What is Seen, Cannot Be Unseen
No pictures today. They’d be too horrific. This day was spent at the Ford dealership while they dismembered the Mighty Furd’s front suspension. Got there ar 8AM, left at 4PM when it because clear that all of the needed work could not be completed by the time the mechanics end their workday. The suspension will be done and the new shocks are on, but then there’s the alignment and that bad tension pulley for the serpentine belt. They graciously carted me all the way out to Wellton, where I got out only to hear a newish Chevy pickup owner across the street climb into his cab and yell with a grin, “And they told me I should get a Ford!” Hyuk hyuk. Your day will come, my friend. Your day will come. …Or maybe you’ll trade it in before that day of reckoning and lose your wallet in that manner. In the end, we all pay.
My service writer had approached while I was in the dealer’s waiting room, once again looking like the messenger of doom. “Bad news, huh?” I asked.
“I’m afraid so,” he replied, looking very uncomfortable.
“They found something else?” I offered.
“Oh, no,” he said, “It’s just not going as smoothly as we hoped.”
“So it’s not about money, just time?” I asked.
“That’s right, it’s a time problem.”
“Then enter, friend!” I said, “Have a seat here and relax. I can take anything but finding more parts going bad.”
He explained, “There’s enough rust on the fittings that things have resisted coming apart, even with spraying a lot of rust cutter and penetrant on everything, scrubbing the threads. It’s been a battle. There’s no way we can complete all the work today, as we’d hoped.” I could sympathize, having myself marveled at just how determined a nut can be to refuse to back off over dirty or corroded threads. He arranged to have me carted home, and they’ll pick me up tomorrow around noonish. I can live with that. He then escorted me out to the shop floor where the gutted remains of the F-250 lay spread out on the cement floor. The new balljoints were in, but the two new drag links were still on the floor waiting, and the Ford’s front hubs and stub axles lay exploded, surrounded with fasteners and all manner of mechanical bits and pieces. It was visually traumatizing to a cheap person such as myself, or to one who has a sense of psychically bonding to the vehicle they cohabit with. It’s something like sensing a tremor in The Force, except you don’t feel it until they come and drag you out there to look. Hopefully, I’m not scarred for life. The mechanic said that the suspension would be done by end of day, but the rest wouldn’t.
I asked him about the shocks, and he told me that the left front Monroe Gas Magnum had been completely useless, and also that the new shocks were built and valved per the factory originals. Same hardware. He also mentioned that some (not my) OEM Ford shocks were actually built by Rancho in a plain black disguise, so assumptions about Ford parts have some risk to them. When I voiced my concerns about the slightly higher engine oil temps following the flush he’s done last week, he told me that the only time they use the Ford-specified chemical flush sequence that takes all day is when they already plan to replace the oil cooler, because that flush forces everything out of the motor and is largely trapped by its tiny passages, adding insult to injury. He confirmed that I need only be concerned when the difference between oil and coolant temps reaches 15 degrees, which should throw a dashboard light. My ScanGauge II should give me some advance notice in that regard, hopefully giving me a chance to locate a qualified service place – or make arrangements to trade the truck in. Whatever. It’s got a ways to go yet in that department, thankfully, and the temperature variance has since stabilized a bit after a couple of heat/cool cycles.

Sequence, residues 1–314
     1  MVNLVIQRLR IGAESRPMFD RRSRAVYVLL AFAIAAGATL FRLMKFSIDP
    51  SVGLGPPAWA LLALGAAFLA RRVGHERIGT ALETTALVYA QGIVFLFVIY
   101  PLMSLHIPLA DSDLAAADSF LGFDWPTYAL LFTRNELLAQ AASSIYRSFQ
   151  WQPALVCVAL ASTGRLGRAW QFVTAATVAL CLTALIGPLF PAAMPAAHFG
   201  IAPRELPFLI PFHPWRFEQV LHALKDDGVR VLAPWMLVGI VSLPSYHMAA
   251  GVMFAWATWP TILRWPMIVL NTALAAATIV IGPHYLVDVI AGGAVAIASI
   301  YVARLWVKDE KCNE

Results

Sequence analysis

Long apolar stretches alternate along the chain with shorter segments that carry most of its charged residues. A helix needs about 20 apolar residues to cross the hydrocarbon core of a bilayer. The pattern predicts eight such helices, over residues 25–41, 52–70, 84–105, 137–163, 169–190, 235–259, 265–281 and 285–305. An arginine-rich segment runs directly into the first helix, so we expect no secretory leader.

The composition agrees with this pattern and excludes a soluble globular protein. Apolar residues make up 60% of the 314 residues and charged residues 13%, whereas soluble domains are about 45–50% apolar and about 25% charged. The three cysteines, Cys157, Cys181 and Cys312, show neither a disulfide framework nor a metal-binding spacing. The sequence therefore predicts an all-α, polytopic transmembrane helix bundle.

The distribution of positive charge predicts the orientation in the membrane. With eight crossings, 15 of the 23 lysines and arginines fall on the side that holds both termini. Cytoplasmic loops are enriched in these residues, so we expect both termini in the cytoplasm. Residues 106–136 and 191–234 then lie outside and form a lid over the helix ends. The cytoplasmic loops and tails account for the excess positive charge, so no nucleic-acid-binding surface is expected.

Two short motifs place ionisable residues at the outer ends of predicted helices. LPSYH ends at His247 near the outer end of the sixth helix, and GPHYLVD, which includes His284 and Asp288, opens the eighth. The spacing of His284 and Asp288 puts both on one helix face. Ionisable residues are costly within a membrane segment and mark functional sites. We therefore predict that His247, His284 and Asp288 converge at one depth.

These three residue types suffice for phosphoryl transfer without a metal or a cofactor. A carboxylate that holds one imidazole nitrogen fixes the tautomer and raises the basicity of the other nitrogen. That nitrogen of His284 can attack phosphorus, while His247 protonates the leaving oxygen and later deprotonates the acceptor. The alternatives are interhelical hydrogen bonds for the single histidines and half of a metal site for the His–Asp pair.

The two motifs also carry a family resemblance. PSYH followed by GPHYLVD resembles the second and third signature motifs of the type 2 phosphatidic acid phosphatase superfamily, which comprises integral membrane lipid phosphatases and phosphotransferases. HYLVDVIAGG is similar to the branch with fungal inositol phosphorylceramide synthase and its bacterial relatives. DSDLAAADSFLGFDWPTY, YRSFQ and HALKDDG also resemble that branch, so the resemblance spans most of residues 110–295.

One theoretical disappointment I found while walking around outside where the new trucks are is that Ford has at some point removed manual control over the front locking hubs on their F-150. They are still vacuum-operated in all cases – it’s just that should they fail to engage when the 4WD switch is thrown, there is no longer an option to get out and mechanically engage them. That’s bad. The fact that they are still vacuum-operated is a liability in deep water. You don’t dare let water go any higher than the bottom of the front hubs, or it might suck water into them. That’s bad for multiple layers of massive bearings, and if you just ignore the submersion, you can be in for new front hub assemblies pretty quickly. The bearings are not considered to be serviceable, so the hubs alone cost $400 per side. Like telling spooky stories at bedtime, I’m scaring myself, so I’ll end here. Hopefully I won’t be afraid later that a front hub is hiding under my bed!